Sarah had tried medication and she had tried hospitalisation for her mental health issues. Then she tried YCLASS (Youth Community Living Support Services) and found something that allowed her to recover her way.
Sarah has set up a library at RichmondPRA’s WestClub, complete with book shelves, catalog cards and “date due” slips. Ultimately the success of RichmondPRA’s services relies on the people who access our services developing the confidence to take their own initiatives, as Sarah has done with this little library.
Sarah has been living with bipolar disorder, meaning that sometimes she would be very depressed and withdrawn, while at other times she experienced racing thoughts and “overconfidence.” So how did she come to be involved with the Youth Community Living Support Service?
Made friends, stayed friends, and helped others
“I became unwell with an episode of depression and was very withdrawn, but this time, rather than rely on medication or hospitalisation as before, I decided to try YCLSS. It is definitely not the same as in hospital. In headspace they had limited group work and workshops, but with YCLSS their approach was more personable. With YCLSS they took me on outings. For a while the YCLSS workers were my only friends. For me the choice of YCLSS was absolutely so much better than hospital. I think a non-medical approach is better for me.”
“It took me a while to open up socially at first, but after a while I became friends with others, particularly Josh. We really helped one another out; and then we were able to help others as well!
“After a year, when I graduated from YCLSS I was asked to be on the YCLSS steering committee, which means I now have input into how the program is run.”
“My hobbies include photography and film, I am into experimental and abstract film. Plus I love to dance. I had some training in ballet and funk, and in Lyrical and Interpretive dance. You can do more with interpretive dance; tell a story and so on. I’d like to learn more about it.
“I was doing a Bachelor of Visual Arts majoring in Film/Screen Arts. Because I was unwell, I was unable to complete it. With my mental health issues, I had trouble with the cognitive side of things and I tended to avoid theory.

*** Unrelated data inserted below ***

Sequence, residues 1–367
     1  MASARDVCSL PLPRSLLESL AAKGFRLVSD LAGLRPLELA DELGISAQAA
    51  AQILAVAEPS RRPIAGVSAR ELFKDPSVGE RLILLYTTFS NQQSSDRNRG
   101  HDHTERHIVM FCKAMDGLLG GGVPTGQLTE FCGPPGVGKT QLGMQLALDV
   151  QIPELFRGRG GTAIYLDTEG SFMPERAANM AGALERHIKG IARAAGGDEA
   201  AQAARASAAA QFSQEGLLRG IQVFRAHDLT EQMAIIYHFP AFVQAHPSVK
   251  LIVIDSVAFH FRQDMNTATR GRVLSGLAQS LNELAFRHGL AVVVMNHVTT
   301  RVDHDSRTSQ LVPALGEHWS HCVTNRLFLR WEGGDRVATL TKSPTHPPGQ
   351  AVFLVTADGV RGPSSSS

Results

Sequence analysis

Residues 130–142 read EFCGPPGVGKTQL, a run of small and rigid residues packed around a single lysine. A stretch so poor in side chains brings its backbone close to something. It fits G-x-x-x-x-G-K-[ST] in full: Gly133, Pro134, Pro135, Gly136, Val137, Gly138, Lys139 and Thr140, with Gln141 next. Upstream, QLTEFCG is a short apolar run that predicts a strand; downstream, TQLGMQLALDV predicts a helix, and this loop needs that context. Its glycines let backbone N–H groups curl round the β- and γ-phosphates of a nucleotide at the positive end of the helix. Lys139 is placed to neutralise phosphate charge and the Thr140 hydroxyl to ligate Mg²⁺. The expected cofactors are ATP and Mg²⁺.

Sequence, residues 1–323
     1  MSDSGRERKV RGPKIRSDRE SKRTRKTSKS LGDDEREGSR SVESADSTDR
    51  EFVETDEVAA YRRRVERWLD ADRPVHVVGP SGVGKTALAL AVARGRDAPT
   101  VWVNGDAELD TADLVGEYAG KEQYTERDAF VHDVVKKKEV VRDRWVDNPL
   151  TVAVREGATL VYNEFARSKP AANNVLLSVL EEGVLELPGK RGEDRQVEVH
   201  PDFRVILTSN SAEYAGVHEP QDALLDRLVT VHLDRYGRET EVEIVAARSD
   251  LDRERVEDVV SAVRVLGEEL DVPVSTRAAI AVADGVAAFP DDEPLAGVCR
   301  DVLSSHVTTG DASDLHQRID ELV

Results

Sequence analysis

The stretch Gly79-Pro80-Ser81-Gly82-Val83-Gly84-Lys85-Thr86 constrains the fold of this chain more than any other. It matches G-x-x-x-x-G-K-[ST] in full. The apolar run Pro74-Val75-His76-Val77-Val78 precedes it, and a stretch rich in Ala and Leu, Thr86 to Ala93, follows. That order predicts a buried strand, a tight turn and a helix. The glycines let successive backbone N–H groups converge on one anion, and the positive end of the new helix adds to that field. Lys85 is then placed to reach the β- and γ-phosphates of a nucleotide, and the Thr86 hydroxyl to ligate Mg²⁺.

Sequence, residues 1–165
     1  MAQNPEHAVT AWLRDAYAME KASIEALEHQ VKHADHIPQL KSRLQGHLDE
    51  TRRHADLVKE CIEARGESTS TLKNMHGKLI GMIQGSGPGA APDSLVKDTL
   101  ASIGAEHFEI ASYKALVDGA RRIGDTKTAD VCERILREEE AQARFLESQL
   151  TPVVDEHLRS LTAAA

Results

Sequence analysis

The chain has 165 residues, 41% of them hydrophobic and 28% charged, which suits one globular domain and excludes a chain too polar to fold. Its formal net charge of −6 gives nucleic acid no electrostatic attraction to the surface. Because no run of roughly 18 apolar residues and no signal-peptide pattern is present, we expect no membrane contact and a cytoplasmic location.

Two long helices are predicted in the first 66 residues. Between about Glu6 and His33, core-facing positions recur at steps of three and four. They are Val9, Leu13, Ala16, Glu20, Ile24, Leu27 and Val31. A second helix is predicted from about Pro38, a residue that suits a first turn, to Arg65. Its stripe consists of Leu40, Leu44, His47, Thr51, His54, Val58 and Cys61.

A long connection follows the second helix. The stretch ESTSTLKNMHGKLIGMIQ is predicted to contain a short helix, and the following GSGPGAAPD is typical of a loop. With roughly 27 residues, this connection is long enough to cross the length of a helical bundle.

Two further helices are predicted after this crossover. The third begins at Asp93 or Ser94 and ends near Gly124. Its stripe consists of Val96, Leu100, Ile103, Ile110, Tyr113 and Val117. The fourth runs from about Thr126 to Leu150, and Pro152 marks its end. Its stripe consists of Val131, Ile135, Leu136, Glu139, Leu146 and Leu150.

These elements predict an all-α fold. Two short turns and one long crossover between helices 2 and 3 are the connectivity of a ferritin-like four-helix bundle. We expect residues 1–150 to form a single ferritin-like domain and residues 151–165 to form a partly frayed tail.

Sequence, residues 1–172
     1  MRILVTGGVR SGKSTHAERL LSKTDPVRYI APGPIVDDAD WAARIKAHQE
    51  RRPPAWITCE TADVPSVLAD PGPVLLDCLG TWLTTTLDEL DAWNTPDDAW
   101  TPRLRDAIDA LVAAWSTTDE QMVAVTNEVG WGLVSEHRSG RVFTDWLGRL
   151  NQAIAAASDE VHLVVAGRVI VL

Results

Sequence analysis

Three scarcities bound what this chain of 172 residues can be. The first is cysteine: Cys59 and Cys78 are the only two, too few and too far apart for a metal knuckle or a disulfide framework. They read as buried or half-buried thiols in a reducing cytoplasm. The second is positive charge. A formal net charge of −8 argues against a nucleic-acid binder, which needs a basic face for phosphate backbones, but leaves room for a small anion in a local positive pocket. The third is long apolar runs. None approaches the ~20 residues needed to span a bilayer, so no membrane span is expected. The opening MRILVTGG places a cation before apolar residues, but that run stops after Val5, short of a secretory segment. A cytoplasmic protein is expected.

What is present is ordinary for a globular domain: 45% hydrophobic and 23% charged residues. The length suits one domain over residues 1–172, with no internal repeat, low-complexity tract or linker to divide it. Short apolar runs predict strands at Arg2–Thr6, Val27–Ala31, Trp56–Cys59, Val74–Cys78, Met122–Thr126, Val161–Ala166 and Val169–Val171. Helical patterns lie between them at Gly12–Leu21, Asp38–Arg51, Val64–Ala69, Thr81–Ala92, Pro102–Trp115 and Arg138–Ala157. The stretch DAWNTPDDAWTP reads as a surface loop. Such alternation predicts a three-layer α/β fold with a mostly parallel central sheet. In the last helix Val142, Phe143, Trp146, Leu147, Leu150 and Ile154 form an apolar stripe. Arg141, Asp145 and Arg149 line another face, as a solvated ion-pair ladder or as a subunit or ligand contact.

“The psychiatrist actually didn’t think it was such a good idea for me to try going back to Uni when I did, but I thought differently at the time. It didn’t work out so well, but I don’t think that hurt me. I learned from the experience.
“I’ve been doing a short course in interior design at TAFE but I am in the process of trying to handle my stress better with educational settings.
“I have a fallback plan: my interior design course and my visual merchandising course. I have also been looking into meetup groups to broaden my social horizons.
“One thing I learned about recovery is that sometimes you can’t rush things. I was really frustrated with my temporary loss of cognitive function. I felt useless. I’ve got it all back now, but I learned that the best way to deal with it is to embrace it.
“If you have this trouble it is nature’s way of saying your brain needs a rest so that you can recover from having racing thoughts. Don’t worry about it. You don’t have to feel like you are useless. You’re entitled to a rest break following an episode of psychosis, to ‘reboot.’
“It is good to push yourself a bit, but not too much. Go with your own instincts, even if the psychologist doesn’t quite agree. Ask a family member what they think.
“Relationships are very important. My Grannie has helped me and so has my fiancée. I wasn’t close to anyone like that for a long time so it’s good to have someone know me and care for me who doesn’t have a parental approach and is more my equal. We have both been through psychosis so we can empathise with each other.
“My cat Mushu really saved me too. And I saved him because he was a rescue cat. He’s my fur baby. You also have to strike a balanced relationship with the professional people in your life.“
Sarah spoke to Warren Heggarty. Thanks to Liam Ford
RichmondPRA YCLSS: 1/80 Henry St, Penrith 2750
Phone: (02) 9393 9344
Westclub: 252 High St, Penrith 2750
Phone: 1300 779 270